Vanishing jetliners should soon be a thing of the past

Two US firms have created a new system using satellites rather than ground-based facilities to enable airlines to track their aircraft wherever they are.
Possible debris from the missing passenger jet MH370. Two US companies say their satellite-based tracking systems would prevent planes from vanishing over international waters. AFP
Possible debris from the missing passenger jet MH370. Two US companies say their satellite-based tracking systems would prevent planes from vanishing over international waters. AFP

Two US companies have developed an airline tracking system designed to prevent planes disappearing in the manner of the Malaysia Airlines MH370, which vanished two years ago when contact was lost with it somewhere over the vast Indian Ocean region.

Instead of sending tracking signals to ground stations – which means planes’ locations can be lost over oceans or remote areas – the new system would beam them to satellites.

“It doesn’t matter if they’re flying over the ocean, desert, or North Pole, we’ll know where the plane is,” said Daniel Baker, the chief executive of FlightAware, the internet flight tracking service that is working with Aireon, which has developed the satellite technology.

Aireon’s system will place ADS-B (automatic dependent surveillance – broadcast) receivers on low-orbit satellites operated by Iridium Communications and is due to be operational from 2018. The system was initially conceived to help air traffic controllers route planes more efficiently.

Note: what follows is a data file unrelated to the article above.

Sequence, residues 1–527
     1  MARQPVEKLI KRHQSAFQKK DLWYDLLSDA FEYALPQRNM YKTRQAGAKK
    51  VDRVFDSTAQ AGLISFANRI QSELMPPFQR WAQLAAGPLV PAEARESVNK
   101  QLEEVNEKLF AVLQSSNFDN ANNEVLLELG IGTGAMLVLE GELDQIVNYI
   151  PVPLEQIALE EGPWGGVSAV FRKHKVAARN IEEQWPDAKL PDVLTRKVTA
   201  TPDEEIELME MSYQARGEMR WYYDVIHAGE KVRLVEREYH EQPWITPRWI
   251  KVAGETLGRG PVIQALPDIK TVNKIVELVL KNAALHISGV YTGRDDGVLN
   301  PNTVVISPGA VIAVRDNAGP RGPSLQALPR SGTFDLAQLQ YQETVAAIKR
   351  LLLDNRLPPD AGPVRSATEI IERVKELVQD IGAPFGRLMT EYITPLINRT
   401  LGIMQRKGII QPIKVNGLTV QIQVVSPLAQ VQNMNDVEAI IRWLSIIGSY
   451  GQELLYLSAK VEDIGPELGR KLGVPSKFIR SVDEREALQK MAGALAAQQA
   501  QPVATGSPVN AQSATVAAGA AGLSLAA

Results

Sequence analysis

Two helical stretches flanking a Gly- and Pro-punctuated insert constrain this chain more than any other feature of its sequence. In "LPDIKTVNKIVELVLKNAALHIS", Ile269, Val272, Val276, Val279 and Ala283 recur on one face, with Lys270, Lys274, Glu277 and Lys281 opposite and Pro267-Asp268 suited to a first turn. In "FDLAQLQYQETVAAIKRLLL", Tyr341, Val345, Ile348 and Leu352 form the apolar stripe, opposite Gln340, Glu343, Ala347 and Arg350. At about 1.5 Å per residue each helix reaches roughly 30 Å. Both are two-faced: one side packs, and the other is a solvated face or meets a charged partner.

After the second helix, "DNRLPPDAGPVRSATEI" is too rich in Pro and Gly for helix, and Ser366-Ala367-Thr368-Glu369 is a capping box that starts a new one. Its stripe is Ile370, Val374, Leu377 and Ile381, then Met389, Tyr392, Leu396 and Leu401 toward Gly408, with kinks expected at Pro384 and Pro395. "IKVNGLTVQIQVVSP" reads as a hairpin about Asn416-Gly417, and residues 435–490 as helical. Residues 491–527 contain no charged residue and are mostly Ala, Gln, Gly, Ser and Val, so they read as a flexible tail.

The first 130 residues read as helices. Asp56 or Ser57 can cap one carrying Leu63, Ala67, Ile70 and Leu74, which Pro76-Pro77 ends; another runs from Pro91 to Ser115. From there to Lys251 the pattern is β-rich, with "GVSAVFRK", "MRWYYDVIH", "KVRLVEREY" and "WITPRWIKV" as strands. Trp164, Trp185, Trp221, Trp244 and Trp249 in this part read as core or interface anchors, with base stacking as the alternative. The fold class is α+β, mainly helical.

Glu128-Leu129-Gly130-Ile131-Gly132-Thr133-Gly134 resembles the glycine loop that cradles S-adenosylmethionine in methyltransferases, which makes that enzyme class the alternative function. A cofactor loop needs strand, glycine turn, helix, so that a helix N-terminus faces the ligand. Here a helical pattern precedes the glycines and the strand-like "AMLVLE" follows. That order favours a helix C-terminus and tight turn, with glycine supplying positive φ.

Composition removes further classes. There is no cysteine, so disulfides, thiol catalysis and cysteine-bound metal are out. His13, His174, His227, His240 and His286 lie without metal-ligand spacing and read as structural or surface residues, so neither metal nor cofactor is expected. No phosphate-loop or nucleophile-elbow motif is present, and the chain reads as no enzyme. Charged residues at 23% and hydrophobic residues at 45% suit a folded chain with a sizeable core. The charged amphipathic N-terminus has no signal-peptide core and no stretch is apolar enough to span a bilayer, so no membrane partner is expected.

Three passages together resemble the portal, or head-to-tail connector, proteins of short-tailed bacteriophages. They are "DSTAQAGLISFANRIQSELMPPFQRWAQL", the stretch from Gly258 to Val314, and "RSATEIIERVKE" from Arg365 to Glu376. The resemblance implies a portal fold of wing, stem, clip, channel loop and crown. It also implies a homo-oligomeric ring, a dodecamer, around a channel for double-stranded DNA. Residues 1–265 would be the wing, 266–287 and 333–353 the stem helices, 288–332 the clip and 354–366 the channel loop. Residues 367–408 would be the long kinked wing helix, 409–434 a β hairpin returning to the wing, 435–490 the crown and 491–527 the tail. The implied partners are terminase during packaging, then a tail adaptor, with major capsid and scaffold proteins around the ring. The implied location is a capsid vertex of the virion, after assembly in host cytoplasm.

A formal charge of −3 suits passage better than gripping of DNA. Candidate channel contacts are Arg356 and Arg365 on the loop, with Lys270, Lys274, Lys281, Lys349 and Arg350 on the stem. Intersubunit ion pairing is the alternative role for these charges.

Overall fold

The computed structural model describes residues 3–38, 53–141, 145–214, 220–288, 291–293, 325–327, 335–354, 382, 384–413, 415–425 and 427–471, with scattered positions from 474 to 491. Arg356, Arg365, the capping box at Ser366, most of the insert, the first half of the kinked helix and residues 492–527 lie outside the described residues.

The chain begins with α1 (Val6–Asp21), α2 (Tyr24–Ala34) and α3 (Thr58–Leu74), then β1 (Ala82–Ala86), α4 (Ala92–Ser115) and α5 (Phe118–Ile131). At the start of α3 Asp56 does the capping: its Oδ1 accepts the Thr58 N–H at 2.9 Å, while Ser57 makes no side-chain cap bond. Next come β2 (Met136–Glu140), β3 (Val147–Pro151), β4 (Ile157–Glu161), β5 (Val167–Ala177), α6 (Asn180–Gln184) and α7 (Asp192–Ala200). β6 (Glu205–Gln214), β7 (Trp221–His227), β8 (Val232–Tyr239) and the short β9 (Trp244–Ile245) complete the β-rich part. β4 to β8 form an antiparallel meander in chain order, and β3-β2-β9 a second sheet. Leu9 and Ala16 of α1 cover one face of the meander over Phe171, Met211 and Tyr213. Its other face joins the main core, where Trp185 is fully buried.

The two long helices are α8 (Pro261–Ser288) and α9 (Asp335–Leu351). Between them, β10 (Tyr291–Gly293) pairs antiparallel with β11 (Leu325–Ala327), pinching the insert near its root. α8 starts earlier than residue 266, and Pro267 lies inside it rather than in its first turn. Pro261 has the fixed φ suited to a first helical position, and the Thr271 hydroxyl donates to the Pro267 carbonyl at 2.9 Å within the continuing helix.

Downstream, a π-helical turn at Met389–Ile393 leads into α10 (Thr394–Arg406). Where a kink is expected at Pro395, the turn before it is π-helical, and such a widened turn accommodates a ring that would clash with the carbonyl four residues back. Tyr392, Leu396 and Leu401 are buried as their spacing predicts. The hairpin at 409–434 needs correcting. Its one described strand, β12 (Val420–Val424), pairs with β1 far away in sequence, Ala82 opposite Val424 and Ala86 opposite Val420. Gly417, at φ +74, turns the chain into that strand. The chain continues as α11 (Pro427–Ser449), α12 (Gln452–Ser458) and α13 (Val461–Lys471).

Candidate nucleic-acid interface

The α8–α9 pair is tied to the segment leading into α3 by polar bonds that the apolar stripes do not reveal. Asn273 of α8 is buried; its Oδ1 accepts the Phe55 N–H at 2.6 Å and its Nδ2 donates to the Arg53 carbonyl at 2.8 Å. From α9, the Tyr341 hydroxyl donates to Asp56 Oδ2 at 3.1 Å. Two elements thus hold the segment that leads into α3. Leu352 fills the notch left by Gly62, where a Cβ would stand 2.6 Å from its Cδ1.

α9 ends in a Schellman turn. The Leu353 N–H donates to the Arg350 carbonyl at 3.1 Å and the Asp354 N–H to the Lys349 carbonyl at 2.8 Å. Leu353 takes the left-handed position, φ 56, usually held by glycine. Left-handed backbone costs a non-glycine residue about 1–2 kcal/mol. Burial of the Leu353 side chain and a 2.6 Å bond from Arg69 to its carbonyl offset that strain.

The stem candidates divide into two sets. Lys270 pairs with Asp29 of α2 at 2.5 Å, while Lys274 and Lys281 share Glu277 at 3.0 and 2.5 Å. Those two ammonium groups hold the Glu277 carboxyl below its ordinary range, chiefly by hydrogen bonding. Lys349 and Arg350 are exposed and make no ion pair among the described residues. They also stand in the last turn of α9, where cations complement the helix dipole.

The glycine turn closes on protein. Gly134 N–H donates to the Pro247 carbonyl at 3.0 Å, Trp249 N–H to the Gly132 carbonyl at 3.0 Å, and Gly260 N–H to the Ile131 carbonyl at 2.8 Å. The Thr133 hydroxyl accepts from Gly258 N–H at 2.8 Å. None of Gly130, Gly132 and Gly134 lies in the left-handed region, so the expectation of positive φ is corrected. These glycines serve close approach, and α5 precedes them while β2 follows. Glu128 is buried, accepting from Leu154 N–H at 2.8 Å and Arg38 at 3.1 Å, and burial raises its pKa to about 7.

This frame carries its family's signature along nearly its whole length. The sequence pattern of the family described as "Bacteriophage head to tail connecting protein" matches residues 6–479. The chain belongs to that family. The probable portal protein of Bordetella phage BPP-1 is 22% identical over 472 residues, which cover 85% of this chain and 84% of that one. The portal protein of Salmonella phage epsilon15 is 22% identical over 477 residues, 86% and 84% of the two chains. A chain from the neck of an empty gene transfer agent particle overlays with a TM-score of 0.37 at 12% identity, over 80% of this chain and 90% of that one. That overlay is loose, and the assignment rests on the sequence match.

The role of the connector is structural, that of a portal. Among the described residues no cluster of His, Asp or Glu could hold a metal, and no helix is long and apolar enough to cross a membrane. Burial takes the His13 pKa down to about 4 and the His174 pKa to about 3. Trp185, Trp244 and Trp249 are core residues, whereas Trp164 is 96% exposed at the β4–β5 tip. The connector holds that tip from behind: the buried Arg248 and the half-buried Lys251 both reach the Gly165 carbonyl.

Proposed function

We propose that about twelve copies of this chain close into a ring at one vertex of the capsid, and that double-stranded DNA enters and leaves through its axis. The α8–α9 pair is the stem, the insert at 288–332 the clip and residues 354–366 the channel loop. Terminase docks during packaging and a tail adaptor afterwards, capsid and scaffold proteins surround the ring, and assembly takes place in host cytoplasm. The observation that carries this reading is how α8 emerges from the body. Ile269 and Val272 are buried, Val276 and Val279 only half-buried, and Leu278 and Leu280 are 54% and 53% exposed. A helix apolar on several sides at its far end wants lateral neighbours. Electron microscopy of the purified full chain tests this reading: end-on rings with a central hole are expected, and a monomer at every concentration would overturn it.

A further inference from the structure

The new tracking system, called GlobalBeacon, will make the location data from the space-based receivers available to airlines so they can track their planes in near real-time on a Web-based tool.

After the disappearance of MH370 in March 2014, regulators and airlines were criticised for responding too slowly to French tracking recommendations after the crash of an Air France plane in 2009.

The International Civil Aviation Organisation (ICAO) plans to impose a 15-minute standard for normal flight tracking, or more frequently in case of emergency, by November 2018.

FlightAware said it would reveal the first airline customer for the product next week, to coincide with an ICAO meeting in Montreal.

“We only reached out to a few of our dozens of airline customers to discuss this opportunity and although all are interested in using our space-based ADS-B data, only one could hit the tight timeline for our announcement,” Mr Baker said.

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Published: September 22, 2016 04:00 AM

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